Friday, December 6, 2013

Learning to Fly

Buddhist practice is like a three legged stool. Three legs support the transformation of our minds, from their entrapment in craving and delusion, to the wisdom and compassion of perfect freedom. These supports are our practices of view, meditation, and action.

Similar systems of cultivation underlie many programs that enhance our abilities to engage effectively with the world. Science consists of theory, experiment, and application. Science, though, is generally more of a collective enterprise.

Consider the training of the pilot of a sophisticated modern aircraft. Certainly a prospective pilot must study the operating instructions for the aircraft, to understand the functions of the various controls and to understand how the aircraft is likely to respond under various conditions. This theoretical understanding is far from sufficient, of course, for becoming a qualified pilot. Nowadays no pilot goes in one step from book knowledge to actual flight. Flight simulation has become an essential training tool. A novice pilot can gain considerable experience in the simulator, tuning their responses to situations and their understanding of how those responses will affect the direction in which the situation will evolve. Not only does the simulator avoid the enormous costs in lives and equipment that can result from pilot errors, but the simulator can also bring up situations that are gradually more challenging. A pilot can practice the difficult maneuvers required to respond to very rare situations that they will likely never encounter. Hundreds of lives can be saved, though, when such challenges are skillfully met.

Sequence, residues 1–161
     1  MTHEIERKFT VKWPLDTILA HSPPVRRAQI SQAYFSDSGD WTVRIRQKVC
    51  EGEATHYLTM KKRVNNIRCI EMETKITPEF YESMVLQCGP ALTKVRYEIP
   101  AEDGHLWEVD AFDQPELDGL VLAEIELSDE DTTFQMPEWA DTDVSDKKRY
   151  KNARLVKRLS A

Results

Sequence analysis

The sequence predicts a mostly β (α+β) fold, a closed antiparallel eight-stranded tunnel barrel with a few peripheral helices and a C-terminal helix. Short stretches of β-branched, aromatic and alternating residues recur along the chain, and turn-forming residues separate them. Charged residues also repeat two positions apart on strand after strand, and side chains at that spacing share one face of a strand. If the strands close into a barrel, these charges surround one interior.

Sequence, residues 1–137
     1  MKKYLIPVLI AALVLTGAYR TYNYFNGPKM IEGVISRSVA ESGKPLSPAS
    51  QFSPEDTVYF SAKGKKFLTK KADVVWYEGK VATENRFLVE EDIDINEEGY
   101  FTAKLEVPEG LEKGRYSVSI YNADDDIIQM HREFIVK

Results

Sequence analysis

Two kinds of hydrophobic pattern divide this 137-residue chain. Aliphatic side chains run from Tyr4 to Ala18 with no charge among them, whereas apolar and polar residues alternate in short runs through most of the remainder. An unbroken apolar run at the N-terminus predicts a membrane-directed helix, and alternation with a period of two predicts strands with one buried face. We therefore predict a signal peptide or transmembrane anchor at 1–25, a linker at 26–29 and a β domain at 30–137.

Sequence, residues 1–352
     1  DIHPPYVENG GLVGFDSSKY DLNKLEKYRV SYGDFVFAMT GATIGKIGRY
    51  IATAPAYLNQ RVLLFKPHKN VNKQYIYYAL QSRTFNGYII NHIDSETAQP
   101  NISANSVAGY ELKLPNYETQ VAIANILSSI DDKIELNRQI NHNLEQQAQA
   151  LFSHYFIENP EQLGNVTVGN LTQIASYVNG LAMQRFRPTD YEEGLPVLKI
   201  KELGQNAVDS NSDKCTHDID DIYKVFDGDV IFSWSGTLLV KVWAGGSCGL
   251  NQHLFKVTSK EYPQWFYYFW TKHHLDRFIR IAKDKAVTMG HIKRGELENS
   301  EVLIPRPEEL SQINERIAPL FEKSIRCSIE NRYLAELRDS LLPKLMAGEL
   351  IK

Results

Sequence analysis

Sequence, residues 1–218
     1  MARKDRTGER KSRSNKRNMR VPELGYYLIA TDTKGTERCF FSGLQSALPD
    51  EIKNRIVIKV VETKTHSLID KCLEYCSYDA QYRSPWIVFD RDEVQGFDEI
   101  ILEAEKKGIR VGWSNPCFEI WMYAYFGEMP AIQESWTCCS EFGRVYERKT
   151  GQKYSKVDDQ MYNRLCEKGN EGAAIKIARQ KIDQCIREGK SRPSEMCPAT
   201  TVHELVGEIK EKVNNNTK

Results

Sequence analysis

These three modes of practice do not simply follow a sequence that starts with view, then moves to meditation, and finally blossoms in action. Experienced pilots regularly return to the simulator to tune their effectiveness. Situations come up that take them back to the operating instructions, to look for better ways to work with the aircraft controls.

It is a core principle of Buddhism that our enemies are like a treasure because they give us opportunities to practice patience. The highest goal in Buddhism is to dedicate ourselves to benefiting others. Is it not then contradictory to guide practitioners to meditation and retreat? In retreat we have removed ourselves from direct engagement with others. We turn inwards instead. Does that mean that we are to let go of our goal of benefiting others?

The analogy with an airline pilot should help clarify the superficial contradiction. If an airline pilot wishes to transport passengers, wouldn’t using a flight simulator contradict that intention? Of course not! Training in a flight simulator is what gives a pilot the ability to transport passengers! Then again, it is not sufficient simply to sit in the flight simulator and play around with the controls in an undisciplined fashion. Merely spending time in a flight simulator is not sufficient. Similarly, just spending time on one’s meditation cushion or in a cave up on the side of a mountain, these are no guarantee of an enhanced ability to benefit beings. But, properly applied, meditation and flight simulators can be invaluable training tools.